In China, Let the Donor Beware

By Wiliams, Ann | Harvard International Review, Fall 2003 | Go to article overview

In China, Let the Donor Beware


Wiliams, Ann, Harvard International Review


China's HIV/AIDS epidemic is not yet the world's worst ("An Epidemic of Denial," Summer 2003). However, its most recent wave is definitely one of the most bizarre. Not since the Romanian episode in which newborns received HIV as a result of contaminated "therapeutic" mini-transfusions has the AIDS virus been presented with so ideal an opportunity to rapidly infect large numbers of vulnerable people as apparently occurred among rural blood donors in China.

This particular Chinese epidemic is all the more distressing because, while exactly what happened remains unclear, it was almost certainly unnecessary. Reuse of unsterile phlebotomy equipment, re-infusion of pooled red cells to donors, secondary sexual and maternal-infant transmission, and contamination of biological products all contributed to epidemic growth. To this day, the dearth of reliable epidemiologic data precludes understanding the relative importance of each of these factors and limits the development of effective prevention strategies.

But to characterize China's rural blood donor epidemic as "nosocomial" or "iatrogenic" misleads through the implication that the practices that created this epidemic were therapeutic in intention. In Romania, doctors believed that small transfusions of whole blood to frail infants would boost their immunological systems and improve their nutritional state. The small amount of blood administered in each transfusion meant that blood from a few HIV-positive donors infected many children. The medical intervention was flawed, but the intent was to improve the health of the children.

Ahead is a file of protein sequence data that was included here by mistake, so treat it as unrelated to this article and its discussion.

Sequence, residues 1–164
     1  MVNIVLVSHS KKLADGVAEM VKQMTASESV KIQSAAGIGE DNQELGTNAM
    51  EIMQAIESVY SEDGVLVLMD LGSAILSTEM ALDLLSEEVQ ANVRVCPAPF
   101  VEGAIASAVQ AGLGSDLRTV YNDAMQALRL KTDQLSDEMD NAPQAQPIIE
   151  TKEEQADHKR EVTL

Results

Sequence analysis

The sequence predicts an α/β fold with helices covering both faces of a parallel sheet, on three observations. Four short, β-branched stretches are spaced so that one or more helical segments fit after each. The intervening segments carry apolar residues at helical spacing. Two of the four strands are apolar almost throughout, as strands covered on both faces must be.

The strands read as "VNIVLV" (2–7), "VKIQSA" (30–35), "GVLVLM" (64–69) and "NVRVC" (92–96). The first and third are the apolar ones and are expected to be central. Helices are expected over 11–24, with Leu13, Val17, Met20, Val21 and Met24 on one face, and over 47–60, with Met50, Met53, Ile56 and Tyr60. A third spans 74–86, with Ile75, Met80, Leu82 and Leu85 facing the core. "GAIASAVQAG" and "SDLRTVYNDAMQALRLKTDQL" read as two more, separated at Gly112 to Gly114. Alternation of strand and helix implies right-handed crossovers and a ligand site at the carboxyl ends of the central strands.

In contrast, the driving force behind the rural blood collection system in China was profit, pure and simple. This epidemic is not the result of medical intervention, but of rampant, unregulated capitalism in the production and marketing of biological products, many of which are of dubious value. Given what is known about the workings of this system, one is hard pressed to attribute altruistic or therapeutic motives to any of the players. Everyone other than the purchasers of the products was in it for the money, although the peasants who sold their blood and ended up with AIDS would surely not have made that trade-off knowingly.

Official responses to the revelation of the blood donor epidemic suggest a lack of appreciation for basic principles of epidemiology and public health and do little to address the specific behaviors that led to the problem. For example, the Henan Health Bureau claims to have shifted to a completely voluntary blood donation system and says that the change has halted disease transmission. Yet, the primary source of the epidemic was not donor payments, but blood collection behaviors. The great majority, of donors were almost certainly infected by the re-infusion of contaminated whole blood cells. If the practice of pooling and re-infusing continues, then donors, whether voluntary or paid, will continue to become infected. A voluntary blood collection system will be safer only if the blood collection procedures are reformed as well. …

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In China, Let the Donor Beware
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